FILE PHOTO - In this U.S. Air Force handout, a GBU-43/B bomb, or Massive Ordnance Air Blast (MOAB) bomb, is launched November 21, 2003 at Eglin Air Force Base, Florida. MOAB is a 21,700-pound that was dropped from a plane at 20, 000 feet. A bomb similar to this one was dropped in Afghanistan Thursday.
Debbie Lord, Cox Media Group National Content Desk
The U.S. on Thursday dropped the most powerful conventional bomb in its arsenal on Nangarhar, Afghanistan.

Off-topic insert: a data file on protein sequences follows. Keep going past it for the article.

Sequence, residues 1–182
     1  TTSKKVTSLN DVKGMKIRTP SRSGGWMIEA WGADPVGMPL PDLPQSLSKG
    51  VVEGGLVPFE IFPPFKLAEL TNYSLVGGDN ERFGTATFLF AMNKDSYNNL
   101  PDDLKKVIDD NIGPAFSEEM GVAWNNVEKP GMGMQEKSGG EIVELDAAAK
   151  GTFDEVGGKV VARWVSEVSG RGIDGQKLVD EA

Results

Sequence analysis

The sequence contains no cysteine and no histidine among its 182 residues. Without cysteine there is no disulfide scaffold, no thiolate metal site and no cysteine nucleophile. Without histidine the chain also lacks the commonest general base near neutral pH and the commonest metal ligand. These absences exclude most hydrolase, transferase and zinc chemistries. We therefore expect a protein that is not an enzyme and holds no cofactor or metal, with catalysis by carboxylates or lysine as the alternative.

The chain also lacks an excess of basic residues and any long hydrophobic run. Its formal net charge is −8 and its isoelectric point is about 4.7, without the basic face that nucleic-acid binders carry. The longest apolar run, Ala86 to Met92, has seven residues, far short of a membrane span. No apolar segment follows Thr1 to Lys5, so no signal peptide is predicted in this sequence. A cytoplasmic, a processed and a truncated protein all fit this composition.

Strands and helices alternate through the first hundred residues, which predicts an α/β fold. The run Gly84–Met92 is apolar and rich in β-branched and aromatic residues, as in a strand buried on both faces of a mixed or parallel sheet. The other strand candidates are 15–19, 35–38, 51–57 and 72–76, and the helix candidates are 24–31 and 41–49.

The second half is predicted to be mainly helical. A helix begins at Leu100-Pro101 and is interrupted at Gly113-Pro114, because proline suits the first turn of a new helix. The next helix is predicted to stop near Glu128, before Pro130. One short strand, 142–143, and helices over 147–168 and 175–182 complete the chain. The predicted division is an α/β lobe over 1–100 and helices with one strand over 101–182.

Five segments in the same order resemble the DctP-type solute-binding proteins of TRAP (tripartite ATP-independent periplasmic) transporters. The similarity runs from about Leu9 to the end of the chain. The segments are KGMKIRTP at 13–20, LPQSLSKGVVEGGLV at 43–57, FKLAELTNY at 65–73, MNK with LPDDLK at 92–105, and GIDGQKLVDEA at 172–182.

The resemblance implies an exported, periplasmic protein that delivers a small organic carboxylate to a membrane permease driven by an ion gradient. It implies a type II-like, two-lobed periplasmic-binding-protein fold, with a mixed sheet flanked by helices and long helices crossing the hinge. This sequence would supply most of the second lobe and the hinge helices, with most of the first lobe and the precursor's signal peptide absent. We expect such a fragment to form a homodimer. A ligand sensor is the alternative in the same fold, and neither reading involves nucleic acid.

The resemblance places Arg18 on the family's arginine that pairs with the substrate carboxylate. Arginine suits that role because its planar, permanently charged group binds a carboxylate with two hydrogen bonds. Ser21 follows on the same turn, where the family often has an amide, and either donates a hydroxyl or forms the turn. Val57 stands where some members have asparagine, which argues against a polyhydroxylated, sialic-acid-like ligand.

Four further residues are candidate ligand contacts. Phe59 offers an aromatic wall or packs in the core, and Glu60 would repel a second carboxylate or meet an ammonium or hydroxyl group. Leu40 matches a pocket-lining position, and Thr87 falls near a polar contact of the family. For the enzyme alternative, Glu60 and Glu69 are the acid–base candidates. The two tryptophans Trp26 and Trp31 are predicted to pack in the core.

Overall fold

The bomb, known in military ranks as “MOAB,” or the “mother of all bombs,” was used Thursday for the first time in combat, though it was developed in the early 2000s.
U.S. Army Gen. John Nicholson, commander of U.S. forces in Afghanistan, ordered the bomb dropped, according to reports. The target was believed to be ISIS tunnels and personnel in the Achin district of Nangarhar.
"This is the right munition to reduce these obstacles and maintain the momentum of our offensive against ISIS-K," he added, using the U.S. military's acronym for the IS affiliate.